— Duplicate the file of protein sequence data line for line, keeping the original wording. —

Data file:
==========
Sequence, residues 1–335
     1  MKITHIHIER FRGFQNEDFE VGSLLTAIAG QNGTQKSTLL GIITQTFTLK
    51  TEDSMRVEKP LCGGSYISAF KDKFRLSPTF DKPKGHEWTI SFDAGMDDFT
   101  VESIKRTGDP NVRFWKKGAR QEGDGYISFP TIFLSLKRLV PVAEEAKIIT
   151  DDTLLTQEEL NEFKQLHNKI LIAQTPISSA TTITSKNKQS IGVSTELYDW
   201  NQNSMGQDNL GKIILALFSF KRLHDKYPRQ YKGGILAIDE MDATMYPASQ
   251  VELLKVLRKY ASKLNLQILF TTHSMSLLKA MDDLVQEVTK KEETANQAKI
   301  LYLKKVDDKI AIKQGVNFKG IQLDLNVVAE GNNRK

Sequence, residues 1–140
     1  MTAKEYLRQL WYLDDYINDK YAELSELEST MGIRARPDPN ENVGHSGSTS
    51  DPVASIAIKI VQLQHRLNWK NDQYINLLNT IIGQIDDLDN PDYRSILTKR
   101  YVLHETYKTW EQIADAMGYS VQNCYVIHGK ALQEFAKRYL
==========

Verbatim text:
Sequence, residues 1–335
     1  MKITHIHIER FRGFQNEDFE VGSLLTAIAG QNGTQKSTLL GIITQTFTLK
    51  TEDSMRVEKP LCGGSYISAF KDKFRLSPTF DKPKGHEWTI SFDAGMDDFT
   101  VESIKRTGDP NVRFWKKGAR QEGDGYISFP TIFLSLKRLV PVAEEAKIIT
   151  DDTLLTQEEL NEFKQLHNKI LIAQTPISSA TTITSKNKQS IGVSTELYDW
   201  NQNSMGQDNL GKIILALFSF KRLHDKYPRQ YKGGILAIDE MDATMYPASQ
   251  VELLKVLRKY ASKLNLQILF TTHSMSLLKA MDDLVQEVTK KEETANQAKI
   301  LYLKKVDDKI AIKQGVNFKG IQLDLNVVAE GNNRK

Sequence, residues 1–140
     1  MTAKEYLRQL WYLDDYINDK YAELSELEST MGIRARPDPN ENVGHSGSTS
    51  DPVASIAIKI VQLQHRLNWK NDQYINLLNT IIGQIDDLDN PDYRSILTKR
   101  YVLHETYKTW EQIADAMGYS VQNCYVIHGK ALQEFAKRYL